New ink makes tattoos less permanent

Dec 30, 2006

Scientists at two U.S. universities developed a solution to make tattoos less permanent -- an ink that can be removed with a single laser treatment.

Tattoo removal traditionally is painful, expensive and time-consuming, often involving several laser treatments that aren't always effective and can scar, the New York Post said Friday. An average removal session costs as much as $400.

The new development by scientists at Harvard Medical School and Duke University is to hit the market within a few months. Tattoo artists told the Post they would welcome the new ink as long as it is safe.

Some, though, said they wonder whether the ink, developed by using beads called polymer microspheres, would hold up as well as traditional inks that include heavy metals to help forestall fading.

"It might open the door for some people who are worried about the permanence but, at the same time, the permanence is kind of the point of tattooing," Mehai Bakaty, co-owner of Fineline Tattoo in New York, told the newspaper.

One-in-four U.S. adults has at least one tattoo, the Journal of the American Academy of Dermatology said.

Copyright 2006 by United Press International

Explore further: AbbVie shares sink after $21 bn deal for Pharmacyclics

add to favorites email to friend print save as pdf

Related Stories

The origins of polarized nervous systems

41 minutes ago

(Phys.org)—There is no mistaking the first action potential you ever fired. It was the one that blocked all the other sperm from stealing your egg. After that, your spikes only got more interesting. Waves ...

Supreme Court allows challenge to Colorado Internet tax law

42 minutes ago

A unanimous Supreme Court ruled Tuesday that federal courts can hear a dispute over Colorado's Internet tax law. One justice suggested it was time to reconsider the ban on state collection of sales taxes from companies outside ...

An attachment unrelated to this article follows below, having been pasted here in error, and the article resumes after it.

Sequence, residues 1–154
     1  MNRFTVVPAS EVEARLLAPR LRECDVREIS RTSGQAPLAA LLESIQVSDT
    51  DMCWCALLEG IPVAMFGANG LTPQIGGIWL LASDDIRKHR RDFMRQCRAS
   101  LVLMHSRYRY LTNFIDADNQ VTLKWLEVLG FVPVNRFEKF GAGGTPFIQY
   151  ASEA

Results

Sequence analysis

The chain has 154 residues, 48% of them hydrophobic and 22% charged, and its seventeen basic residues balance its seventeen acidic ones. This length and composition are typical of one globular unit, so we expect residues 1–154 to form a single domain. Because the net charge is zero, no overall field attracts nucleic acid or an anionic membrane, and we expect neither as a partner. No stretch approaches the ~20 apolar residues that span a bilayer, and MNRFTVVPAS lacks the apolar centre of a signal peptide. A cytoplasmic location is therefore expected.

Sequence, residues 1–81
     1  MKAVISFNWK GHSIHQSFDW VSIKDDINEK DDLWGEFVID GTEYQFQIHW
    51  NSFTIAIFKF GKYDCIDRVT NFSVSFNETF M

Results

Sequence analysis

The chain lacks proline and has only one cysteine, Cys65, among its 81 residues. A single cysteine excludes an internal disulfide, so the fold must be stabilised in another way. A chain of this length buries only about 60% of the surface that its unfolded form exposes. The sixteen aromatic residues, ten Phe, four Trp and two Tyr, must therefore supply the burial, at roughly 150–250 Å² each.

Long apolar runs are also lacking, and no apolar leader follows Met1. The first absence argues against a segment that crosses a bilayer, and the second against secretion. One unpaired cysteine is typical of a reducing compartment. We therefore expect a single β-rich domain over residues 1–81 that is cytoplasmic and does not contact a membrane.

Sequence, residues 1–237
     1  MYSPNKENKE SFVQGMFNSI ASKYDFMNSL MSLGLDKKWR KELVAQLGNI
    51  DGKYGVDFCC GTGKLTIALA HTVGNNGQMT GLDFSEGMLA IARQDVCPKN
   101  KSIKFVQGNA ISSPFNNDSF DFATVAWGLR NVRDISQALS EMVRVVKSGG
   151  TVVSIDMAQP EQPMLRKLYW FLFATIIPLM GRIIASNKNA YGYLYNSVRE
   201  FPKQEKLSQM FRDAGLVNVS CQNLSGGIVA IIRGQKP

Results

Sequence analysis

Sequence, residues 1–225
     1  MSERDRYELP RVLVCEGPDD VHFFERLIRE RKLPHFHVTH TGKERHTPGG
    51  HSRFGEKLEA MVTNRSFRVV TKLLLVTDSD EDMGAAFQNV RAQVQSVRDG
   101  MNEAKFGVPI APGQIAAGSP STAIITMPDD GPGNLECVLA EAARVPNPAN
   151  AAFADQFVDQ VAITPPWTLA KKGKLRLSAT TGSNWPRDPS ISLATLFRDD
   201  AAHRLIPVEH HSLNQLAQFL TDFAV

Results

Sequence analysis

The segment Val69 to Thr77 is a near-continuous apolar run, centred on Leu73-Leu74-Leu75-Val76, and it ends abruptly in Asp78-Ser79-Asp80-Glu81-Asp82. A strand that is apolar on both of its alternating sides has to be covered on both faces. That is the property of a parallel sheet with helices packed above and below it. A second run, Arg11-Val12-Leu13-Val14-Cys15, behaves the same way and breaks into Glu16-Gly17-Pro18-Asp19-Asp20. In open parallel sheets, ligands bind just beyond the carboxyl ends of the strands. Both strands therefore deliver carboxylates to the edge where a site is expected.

New incubator network to help clean-energy entrepreneurs

1 hour ago

The Energy Department's National Renewable Energy Laboratory (NREL) and the Electric Power Research Institute (EPRI) have launched the Clean Energy Incubator Network. The program, funded by the Energy Department, aims to ...

A new level of earthquake understanding

1 hour ago

As everyone who lives in the San Francisco Bay Area knows, the Earth moves under our feet. But what about the stresses that cause earthquakes? How much is known about them? Until now, our understanding of ...

Recommended for you

US must respond to global health outbreaks, say bioethicists

Mar 05, 2015

Last summer, West Africa fell into the grip of a deadly outbreak of Ebola that has thus far taken the lives of more than 9,500 people. The fear swept up by the epidemic quickly jumped across the Atlantic and landed in the ...

Uganda on defensive over medical 'brain drain' uproar

Mar 03, 2015

Uganda's government on Tuesday hit back at mounting criticism of plans to 'export' over 200 health workers to the Caribbean, insisting it was only seeking to regulate an existing labour market and prevent abuses.

Seth Mnookin on vaccination and public health

Mar 02, 2015

Seth Mnookin, an assistant professor of science writing and associate director of MIT's Graduate Program in Science Writing, is the author of "The Panic Virus: The True Story Behind the Vaccine-Autism Controversy" ...

User comments : 0

Please sign in to add a comment. Registration is free, and takes less than a minute. Read more

Click here to reset your password.
Sign in to get notified via email when new comments are made.